By Iddi Yire, GNA
Accra, June 28, GNA - High-quality research is needed to improve food and nutrition security in the West African sub-region, Professor Eric Y. Danquah, Founding Director, West Africa Centre for Crop Improvement (WACCI), University of Ghana, has said.
Professor Danquah said there is, therefore, the need to rebuild agricultural research capacity in the sub-region to develop our institutions into Centres of Excellence for agricultural innovation and quality research needed for the development of game changing products for the transformation of agriculture in West and Central Africa.
He said any country that trains the majority of its gifted students at the graduate level abroad was bound to lose a significant percentage of talent needed for advanced research and called for the strengthening of graduate schools in Africa to attract gifted students.
Prof Danquah lauded governments of West Africa which have signed onto the World Bank Africa Centres of Excellence Impact Project to strengthen postgraduate programmes and called for increased investments in the Centres on a case by case basis.
He said these in an interview with the Ghana News Agency during a recent a two-day workshop on demand-led plant variety design, which was organised by WACCI, University of Ghana.
Prof Danquah said in the past, breeders did not take account of what happens in the market place; adding that a number of improved varieties that do not meet the needs of market and industry have been developed.
He said as part of efforts to address the situation, WACCI has put together a series of modules which would provide students and breeders with the information they need to develop varieties for the market and the industry.
The workshop sought to equip WACCI's alumni from different cohorts, students at various stages of PhD training and Masters’ students in Plant Breeding and Genetics in the Department of Crop Science with the knowledge and tools needed for developing varieties for markets and industry.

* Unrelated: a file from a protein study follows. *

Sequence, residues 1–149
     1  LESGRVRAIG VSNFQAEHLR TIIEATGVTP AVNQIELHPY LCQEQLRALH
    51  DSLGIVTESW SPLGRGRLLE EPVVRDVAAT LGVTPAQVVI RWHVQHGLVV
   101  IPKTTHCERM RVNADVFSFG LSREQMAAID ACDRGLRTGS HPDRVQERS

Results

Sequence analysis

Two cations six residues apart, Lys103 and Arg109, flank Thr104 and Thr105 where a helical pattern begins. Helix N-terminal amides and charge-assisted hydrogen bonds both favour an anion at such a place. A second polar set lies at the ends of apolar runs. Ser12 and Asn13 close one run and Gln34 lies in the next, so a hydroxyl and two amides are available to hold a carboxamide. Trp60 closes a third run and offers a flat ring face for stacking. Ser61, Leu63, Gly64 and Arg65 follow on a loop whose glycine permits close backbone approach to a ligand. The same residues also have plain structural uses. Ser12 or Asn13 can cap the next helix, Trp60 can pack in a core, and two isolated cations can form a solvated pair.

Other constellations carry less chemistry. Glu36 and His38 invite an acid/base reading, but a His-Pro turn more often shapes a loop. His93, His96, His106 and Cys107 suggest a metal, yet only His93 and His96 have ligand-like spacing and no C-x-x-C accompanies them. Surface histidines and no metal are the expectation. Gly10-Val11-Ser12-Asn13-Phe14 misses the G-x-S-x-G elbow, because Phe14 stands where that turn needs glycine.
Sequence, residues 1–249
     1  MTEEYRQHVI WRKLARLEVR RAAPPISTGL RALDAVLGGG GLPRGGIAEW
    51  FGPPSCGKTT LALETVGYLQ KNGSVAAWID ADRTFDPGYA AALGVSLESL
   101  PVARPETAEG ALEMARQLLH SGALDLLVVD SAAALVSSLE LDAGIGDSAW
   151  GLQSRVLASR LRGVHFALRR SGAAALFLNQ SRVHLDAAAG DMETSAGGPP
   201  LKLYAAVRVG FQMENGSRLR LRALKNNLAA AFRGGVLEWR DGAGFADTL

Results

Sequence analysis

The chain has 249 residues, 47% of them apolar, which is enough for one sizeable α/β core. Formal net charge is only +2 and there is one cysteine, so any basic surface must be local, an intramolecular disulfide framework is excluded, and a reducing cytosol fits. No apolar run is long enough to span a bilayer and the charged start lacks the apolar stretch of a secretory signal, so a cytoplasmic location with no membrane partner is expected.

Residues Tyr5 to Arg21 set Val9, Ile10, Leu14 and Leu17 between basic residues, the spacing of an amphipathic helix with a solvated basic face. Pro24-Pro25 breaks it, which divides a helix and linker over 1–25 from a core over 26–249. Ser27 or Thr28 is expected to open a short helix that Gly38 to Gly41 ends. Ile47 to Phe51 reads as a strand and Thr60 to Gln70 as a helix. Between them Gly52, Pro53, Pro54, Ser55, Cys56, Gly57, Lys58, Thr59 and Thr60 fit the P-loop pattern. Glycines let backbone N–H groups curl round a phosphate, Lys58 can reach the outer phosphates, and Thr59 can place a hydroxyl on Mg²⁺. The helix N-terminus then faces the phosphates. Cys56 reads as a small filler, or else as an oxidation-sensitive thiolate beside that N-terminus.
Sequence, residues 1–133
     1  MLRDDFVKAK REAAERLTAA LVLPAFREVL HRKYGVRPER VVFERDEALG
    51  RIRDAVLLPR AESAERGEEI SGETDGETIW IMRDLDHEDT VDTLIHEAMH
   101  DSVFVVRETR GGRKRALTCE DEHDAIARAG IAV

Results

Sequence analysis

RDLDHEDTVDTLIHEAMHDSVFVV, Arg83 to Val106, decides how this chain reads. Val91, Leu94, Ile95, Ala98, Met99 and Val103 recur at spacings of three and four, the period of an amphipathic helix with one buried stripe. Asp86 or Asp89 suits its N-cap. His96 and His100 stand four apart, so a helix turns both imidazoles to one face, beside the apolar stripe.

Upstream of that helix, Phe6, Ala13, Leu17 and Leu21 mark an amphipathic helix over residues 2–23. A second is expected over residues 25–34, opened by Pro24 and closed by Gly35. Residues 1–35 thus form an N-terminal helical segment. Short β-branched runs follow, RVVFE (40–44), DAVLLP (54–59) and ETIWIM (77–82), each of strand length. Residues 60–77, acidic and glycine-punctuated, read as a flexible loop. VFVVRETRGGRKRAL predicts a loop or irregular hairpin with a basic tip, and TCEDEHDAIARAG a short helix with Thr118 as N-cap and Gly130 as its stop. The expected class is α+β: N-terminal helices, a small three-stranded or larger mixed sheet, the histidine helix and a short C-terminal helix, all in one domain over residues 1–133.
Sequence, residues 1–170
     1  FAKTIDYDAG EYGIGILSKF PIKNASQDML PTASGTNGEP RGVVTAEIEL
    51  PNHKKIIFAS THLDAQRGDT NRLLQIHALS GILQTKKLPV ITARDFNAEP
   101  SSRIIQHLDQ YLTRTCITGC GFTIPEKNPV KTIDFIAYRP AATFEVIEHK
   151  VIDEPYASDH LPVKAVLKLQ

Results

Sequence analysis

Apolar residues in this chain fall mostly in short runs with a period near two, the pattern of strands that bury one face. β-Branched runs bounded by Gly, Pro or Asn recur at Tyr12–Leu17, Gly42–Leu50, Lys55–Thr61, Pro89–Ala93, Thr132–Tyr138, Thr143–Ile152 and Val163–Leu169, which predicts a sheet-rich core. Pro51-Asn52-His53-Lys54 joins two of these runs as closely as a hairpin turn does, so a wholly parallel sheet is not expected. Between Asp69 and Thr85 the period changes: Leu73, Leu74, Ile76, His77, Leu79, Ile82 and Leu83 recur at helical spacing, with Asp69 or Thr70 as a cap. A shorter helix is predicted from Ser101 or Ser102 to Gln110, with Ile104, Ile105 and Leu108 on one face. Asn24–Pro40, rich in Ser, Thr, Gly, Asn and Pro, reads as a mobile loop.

Prof Danquah said the adoption rates of improved varieties were very low in the sub region adding that only 11 per cent of farmers in the country use improved varieties.
He said if 50 per cent of farmers in Ghana would use improved varieties, productivity would be high and this would satisfy the needs of people and meet the market demand as well.
Prof Danquah said Ghana needs a critical mass of plant breeders well trained with the knowledge and skills needed to develop varieties that would put the smiles back on the faces of farmers as well as meet the demand of markets and industry.
He also said institutions needed strengthening in the area of infrastructure development to allow breeders to deliver on the job.
“Plant breeding has now become a top applied science which means that you need laboratory facilities so that you can use science to get the information that you precisely need to make informed decisions," he said.
Prof Danquah said well-equipped laboratories are needed for effective plant breeding research adding that "this calls for funding agricultural research to enable scientists do what they have been trained to do".
Prof Pangirayi Tongoona, Associate Director of Breeding Programmes at WACCI, said the concept of the demand-led plant breeding is to improve the adoption of improved varieties, as it provides an environment for breeders to interact with people in the value chain.
Mr Mohammed Saba, a final year PhD student at WACCI, said the old methods of designing breeding programmes and trying to develop varieties for farmers have not really worked due to the non-involvement of stakeholders.
He said there is a huge gap between adoption in Africa and other parts of the world; "as such, for us to really compete and be able to feed ourselves; we need to scale up the current practices and expressed the hope that the demand-led plant variety design is the key to achieving that.
Dr Matilda Bissah, a WACCI Alumni, commended the Centre for the initiative adding that the training would enable researchers, structure their breeding programmes such that they would come out with varieties that would be much easier for farmers to adopt.